In 1959, when traffic was at its peak, the Canadian Government invested $3 million to create a flagship airport and show to the rest of the world how modern and elegant Canada was. Queen Elizabeth II herself inaugurated the new terminal.

It was, and still is a design masterpiece. The terrazo floor tiles are inspired by Mondrian, and most of the furniture was created by canadian designers of the '50s, like the Primasteel chairs created by Robin Bush for Herman Miller or the space age black sofas designed by Christen Sorensen.

If you manage to visit the airport president's office, you'll see orange leather seats created by Jacques Guillon that once were in the VIP suite that saw the Beatles, Churchill, Kruchtchev, Ingrid Bergman, Ronald Reagan, Marlene Dietrich and Mohammed Ali.

But, as John Lennon said: "Life is what happens while you're making other plans.", and the following year, the advent of kerosene and fuel efficient jet airplanes made the airport irrelevant.

Today, who remembers Gander International Airport?

Like my parachute instructor says: "If you don't succeed at first, well, so much for skydiving."


For more info:

http://en.wikipedia.org/wiki/Gander_International_Airport
http://www.ganderairport.com/

Friday, August 17, 2007

Double Your Money

Picture by Unhindered by Talent


"The quickest way to double your money is to fold it over and put it back in your pocket." - Will Rogers

Thursday, August 16, 2007

Harry Houdini Was a Lousy Magician

Ask anyone to name you a famous magician, and they are very likely to come up with Houdini, even though he wasn't a great magician and didn't have the stage presence and charisma of other performers of his time.

In fact, he wasn't even a magician, he was an escape artist.

He created a new genre and that was made him famous.

In this light, we can considerd him a pioneer of the Blue Ocean Strategy popularized by Cirque du Soleil where, instead of competing in a saturated market (red ocean), you create new markets (blue ocean).

If this kind of outside the box thinking lights your fire, I strongly recommend you to read The Big Moo, by marketing guru Seth Godin and friends. It is a sort of sequel to his bestseller book Purple Cow and it is very inspiring. You'll learn more about the Houdini story and other fascinating ideas.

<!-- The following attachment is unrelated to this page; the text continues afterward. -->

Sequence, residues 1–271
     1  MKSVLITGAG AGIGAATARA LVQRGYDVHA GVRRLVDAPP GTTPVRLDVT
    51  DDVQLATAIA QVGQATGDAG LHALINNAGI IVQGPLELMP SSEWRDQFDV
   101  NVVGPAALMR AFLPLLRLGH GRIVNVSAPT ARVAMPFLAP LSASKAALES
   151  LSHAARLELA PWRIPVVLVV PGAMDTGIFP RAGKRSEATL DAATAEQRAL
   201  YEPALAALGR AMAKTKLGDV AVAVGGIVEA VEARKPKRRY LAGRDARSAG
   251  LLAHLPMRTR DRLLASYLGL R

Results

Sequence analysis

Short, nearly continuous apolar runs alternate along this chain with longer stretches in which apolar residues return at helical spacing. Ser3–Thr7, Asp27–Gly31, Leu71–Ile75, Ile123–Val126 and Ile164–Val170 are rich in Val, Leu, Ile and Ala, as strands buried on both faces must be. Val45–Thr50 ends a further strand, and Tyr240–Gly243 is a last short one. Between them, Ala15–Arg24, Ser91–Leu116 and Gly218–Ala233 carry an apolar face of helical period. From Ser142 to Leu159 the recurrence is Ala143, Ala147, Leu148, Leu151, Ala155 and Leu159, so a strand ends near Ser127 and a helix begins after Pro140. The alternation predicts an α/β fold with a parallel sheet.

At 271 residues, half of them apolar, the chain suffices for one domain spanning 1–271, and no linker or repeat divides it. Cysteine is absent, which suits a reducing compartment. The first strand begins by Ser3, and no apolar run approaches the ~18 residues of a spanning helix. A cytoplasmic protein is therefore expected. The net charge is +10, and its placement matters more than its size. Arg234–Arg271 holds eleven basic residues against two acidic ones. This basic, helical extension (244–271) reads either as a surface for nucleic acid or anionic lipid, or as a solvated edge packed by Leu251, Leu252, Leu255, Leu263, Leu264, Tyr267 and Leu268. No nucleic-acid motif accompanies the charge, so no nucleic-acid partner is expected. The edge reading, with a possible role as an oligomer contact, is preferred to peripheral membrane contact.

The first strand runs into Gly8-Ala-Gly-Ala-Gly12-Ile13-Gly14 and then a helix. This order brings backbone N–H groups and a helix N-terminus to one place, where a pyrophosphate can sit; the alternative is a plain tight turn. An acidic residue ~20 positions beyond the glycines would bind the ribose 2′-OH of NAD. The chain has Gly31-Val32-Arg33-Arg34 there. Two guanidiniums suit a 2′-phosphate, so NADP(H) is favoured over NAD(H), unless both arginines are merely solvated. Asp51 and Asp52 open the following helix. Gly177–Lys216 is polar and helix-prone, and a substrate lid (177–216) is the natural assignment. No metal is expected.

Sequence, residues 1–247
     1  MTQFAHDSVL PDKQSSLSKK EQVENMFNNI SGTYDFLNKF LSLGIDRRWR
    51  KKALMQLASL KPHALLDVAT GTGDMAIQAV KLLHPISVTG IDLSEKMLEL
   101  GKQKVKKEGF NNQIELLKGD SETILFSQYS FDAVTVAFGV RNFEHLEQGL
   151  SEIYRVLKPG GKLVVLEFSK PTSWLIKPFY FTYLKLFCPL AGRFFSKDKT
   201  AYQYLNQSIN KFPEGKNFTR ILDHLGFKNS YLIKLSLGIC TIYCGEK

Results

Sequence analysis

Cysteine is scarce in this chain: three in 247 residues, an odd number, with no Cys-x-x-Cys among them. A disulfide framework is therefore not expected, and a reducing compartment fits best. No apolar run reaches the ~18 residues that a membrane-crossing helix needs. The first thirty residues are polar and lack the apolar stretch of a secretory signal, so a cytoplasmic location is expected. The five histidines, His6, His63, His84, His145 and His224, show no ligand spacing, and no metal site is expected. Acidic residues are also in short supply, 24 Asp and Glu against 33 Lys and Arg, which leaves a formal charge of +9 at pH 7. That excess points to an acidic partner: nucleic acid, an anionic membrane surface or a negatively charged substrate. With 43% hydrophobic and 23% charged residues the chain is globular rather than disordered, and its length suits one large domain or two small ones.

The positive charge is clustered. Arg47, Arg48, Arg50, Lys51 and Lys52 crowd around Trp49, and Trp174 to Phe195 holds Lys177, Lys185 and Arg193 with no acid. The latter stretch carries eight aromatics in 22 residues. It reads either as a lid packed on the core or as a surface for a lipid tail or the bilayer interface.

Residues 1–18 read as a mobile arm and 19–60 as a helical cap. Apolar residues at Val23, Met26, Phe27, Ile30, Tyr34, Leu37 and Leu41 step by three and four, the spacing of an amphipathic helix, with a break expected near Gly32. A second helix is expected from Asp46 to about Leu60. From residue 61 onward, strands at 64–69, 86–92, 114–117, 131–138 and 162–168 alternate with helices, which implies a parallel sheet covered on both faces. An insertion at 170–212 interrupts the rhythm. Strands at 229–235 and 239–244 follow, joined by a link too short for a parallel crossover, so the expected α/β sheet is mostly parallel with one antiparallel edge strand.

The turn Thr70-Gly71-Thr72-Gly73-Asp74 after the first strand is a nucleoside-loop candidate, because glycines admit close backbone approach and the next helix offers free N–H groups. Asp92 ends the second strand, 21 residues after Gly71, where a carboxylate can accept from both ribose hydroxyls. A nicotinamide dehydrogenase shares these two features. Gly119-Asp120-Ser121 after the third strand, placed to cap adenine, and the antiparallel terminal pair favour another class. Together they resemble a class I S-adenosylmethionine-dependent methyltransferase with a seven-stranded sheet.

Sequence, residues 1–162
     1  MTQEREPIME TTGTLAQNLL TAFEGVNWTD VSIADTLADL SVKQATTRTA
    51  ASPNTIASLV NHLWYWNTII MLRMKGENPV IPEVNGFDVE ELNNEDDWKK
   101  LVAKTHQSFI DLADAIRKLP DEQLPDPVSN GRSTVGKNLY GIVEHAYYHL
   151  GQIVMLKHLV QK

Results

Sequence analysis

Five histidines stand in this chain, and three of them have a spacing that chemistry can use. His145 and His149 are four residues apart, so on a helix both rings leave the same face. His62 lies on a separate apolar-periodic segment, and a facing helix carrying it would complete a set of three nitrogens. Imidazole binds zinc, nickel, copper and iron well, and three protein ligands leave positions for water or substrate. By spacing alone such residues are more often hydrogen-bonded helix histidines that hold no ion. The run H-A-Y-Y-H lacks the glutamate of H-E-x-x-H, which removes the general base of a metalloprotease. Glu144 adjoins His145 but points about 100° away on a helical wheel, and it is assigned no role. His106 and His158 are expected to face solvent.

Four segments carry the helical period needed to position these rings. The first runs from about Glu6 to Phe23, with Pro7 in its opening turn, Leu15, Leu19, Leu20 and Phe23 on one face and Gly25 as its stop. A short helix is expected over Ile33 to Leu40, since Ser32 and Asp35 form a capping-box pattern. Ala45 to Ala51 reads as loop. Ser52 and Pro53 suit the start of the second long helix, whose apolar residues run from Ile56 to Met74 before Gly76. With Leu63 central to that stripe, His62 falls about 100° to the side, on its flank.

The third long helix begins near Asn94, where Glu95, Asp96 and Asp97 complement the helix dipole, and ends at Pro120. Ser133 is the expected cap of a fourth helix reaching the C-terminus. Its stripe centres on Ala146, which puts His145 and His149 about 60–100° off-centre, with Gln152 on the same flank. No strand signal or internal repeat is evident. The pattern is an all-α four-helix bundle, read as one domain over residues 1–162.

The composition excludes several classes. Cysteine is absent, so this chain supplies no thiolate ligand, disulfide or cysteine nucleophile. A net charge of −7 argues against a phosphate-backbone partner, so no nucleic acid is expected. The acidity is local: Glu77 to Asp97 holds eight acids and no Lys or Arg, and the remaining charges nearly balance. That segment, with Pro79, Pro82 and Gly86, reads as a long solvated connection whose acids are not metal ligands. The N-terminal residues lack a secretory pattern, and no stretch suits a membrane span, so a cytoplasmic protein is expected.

Wednesday, August 15, 2007

The Ultimate Knife

Any serious outdoorsman will tell you: "You are only as sharp as your knife."

A good, all purpose blade is the best survival tool you can bring in the wild.

If, like me, you sometimes happen to end up quite far from civilization, you might want to take advantage of all the R&D that was made by the elite of the elite in terms of survival: The U.S. Navy Seals.

The knife they use has been developped by SOG and it truly is a masterpiece. Unsurprisingly, they call it the Seal Knife.

There are numerous small details that distinguises it from ordinary blades, but just take a look at the groove in the sheat, to cut rope without having to draw the knife. If you happen to be at sea in rough weather on an inflatable raft, this might just save your ass.

For those interrested, you can buy this knife at Le Baron on St-Laurent in Montreal.

Tuesday, August 14, 2007

Wild Ponies


Approximately 300 years ago, a Spanish galleon wrecked off of a small island of the American East Coast.

Horses swam to shore and have since adapted to life on the Island.

Today, more than 2000 wild ponies roam free among the white sand dunes.

The good news is you can visit them as I did. Simply go to Maryland (10 to 12 hours drive from Montreal). The island is Assateague, one of the 10 best American State Parks, according to National Geographic.

It is well worth the drive.

Thanks to Burt for sharing the secret with me.




For more info:

Monday, August 13, 2007

Made to Stick

If you liked Malcom Gladwell's Tipping Point, you'll love Made to Stick.

It explains what makes ideas "sticky" (i.e. easily remembered and shared) like, for exemple, the urban legend about the kidney theft ring.

It's not only a good complement to the Tipping Point, it is a great book for people who want to be heard (or who want their clients to be heard).

You'll learn about:
- the Nobel Prize-winning scientist who drank a glass of bacteria to prove a point about stomach ulcers
- the Sinatra test
- the Mother Teresa principle
- the army chef who restores morale in Iraq
- How the campaign "Don't Mess with Texas" changed youth behavior in the lone star state
- Jared, the 425 pound fast-food dieter who inspired Subway's most successful advertising campaign

and a lot more...

A really good eye opener.

Thanks to my good friend Fabien Fayard for forcing me to read this book.

Saturday, August 4, 2007

Learn The Game

Play for more than you can afford to lose and you will learn the game. -Winston Churchill

Friday, August 3, 2007

The Best Steaks in the World

Picture by Jodamajoo